My youngest sister is nearly eight years my junior. It feels at times like we’re separated by generations. I’m sure she was the first person I heard use the words “ceebs” as a contraction of “can’t be bothered.”

It’s a good word. Said with the right tone it perfectly conveys the frustrated boredom of knowing what you need to do, but being unable to get going. You can make a plan, set short term goals, have a vision and still some days you’re just ceebs.

Maybe you’re like this with getting your thesis finished or preparing for the viva. Maybe it all seems too big. Maybe you can’t see the end yet. What then?

I’ve been reading and listening to a lot of work by Tony Robbins lately. I like one of the solutions that he promotes for ceebs: just do something. Don’t try to think your way out of whatever funk you’re in. Sitting there, thinking about not being all ceebs isn’t going to do it. Get up and walk around, change your physical state. Start something. Write something. Pick up a paper and read it. Open to a chapter in your thesis and start making notes.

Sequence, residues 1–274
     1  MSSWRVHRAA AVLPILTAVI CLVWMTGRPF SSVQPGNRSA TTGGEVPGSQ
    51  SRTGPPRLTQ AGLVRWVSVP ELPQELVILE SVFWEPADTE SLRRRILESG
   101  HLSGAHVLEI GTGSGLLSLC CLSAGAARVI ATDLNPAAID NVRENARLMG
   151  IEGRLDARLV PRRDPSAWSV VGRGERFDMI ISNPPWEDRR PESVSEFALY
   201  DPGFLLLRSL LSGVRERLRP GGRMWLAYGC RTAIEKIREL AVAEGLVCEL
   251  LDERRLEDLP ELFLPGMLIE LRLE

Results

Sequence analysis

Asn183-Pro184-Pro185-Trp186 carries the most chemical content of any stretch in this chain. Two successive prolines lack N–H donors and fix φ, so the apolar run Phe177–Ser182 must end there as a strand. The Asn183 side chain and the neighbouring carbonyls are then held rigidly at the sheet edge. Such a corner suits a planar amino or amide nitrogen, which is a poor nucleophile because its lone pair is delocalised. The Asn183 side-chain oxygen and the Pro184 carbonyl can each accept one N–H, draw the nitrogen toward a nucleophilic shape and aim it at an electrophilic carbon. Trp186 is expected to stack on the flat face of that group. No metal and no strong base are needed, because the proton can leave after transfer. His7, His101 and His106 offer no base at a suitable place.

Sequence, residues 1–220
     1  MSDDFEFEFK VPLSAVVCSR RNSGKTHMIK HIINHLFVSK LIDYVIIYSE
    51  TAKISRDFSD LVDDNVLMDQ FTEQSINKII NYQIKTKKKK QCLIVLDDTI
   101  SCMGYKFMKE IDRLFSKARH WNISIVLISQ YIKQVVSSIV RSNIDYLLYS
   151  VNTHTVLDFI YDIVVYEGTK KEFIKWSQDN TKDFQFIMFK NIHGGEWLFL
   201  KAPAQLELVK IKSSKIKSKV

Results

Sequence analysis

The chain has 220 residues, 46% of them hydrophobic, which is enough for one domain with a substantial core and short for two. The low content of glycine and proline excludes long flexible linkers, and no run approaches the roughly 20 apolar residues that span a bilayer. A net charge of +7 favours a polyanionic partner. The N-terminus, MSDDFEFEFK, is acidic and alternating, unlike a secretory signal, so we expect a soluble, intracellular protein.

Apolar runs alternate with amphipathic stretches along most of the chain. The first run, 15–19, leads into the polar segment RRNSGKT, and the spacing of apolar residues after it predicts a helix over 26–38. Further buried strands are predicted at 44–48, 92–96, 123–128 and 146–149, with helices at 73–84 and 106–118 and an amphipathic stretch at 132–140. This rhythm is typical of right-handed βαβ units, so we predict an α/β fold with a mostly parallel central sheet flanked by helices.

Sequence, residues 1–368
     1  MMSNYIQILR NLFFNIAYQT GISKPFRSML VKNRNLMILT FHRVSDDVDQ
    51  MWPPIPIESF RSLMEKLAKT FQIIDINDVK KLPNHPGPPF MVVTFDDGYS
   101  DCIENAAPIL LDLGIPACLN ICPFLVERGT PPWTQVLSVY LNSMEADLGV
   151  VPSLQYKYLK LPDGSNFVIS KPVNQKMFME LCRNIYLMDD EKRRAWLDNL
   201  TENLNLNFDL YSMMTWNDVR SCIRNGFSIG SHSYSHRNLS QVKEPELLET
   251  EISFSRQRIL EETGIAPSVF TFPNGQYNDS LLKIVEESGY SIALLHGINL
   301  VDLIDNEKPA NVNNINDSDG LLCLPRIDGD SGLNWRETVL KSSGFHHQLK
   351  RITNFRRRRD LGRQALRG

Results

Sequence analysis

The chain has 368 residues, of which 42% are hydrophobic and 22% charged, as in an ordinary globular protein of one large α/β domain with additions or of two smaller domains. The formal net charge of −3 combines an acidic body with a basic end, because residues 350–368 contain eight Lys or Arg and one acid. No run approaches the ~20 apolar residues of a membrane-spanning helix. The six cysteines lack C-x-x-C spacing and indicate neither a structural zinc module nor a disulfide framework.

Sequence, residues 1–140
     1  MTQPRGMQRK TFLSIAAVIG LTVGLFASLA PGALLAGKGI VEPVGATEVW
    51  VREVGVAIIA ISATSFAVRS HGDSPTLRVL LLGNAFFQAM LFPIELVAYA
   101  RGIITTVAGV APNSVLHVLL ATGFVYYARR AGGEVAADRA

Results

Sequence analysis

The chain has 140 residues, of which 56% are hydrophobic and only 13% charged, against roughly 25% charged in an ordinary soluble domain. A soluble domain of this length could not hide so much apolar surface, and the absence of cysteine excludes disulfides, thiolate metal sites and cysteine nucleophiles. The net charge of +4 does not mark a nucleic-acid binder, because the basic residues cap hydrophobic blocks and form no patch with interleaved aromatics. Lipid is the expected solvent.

Totally ceebs with your thesis or viva prep? Get going.


When is the best time to start viva prep? I don’t know, at least not for you.

I don’t know how long your thesis is, whether or not you have a partner or kids, whether or not you have a job, whether or not you’re applying for jobs. I don’t know how much you’ve thought about your prep already, how often you have presented at conferences, how comfortable you feel about answering questions about your research.

So I don’t know when you need to start preparing.

However, I do have some thoughts that might help you:

  • Take at least two weeks off after submission before you read your thesis again. You can then approach it with a fresh perspective.
  • Give yourself at least two weeks to prepare. You will feel better if you can take your time a little and spread out the work.
  • Block out a rough period in your diary when you think you will be preparing for the viva. It helps to visualise a project.
  • Think about what you want to do and estimate how long it might take. Then add 20%.
  • Look at the time period you blocked out and the tasks you want to do. Explore how you will break that up.
  • Ensure you make some time to practise answering questions alongside all the writing and thinking prep.

And: don’t stress about preparation. Think a little about what you need, take steps toward getting it done.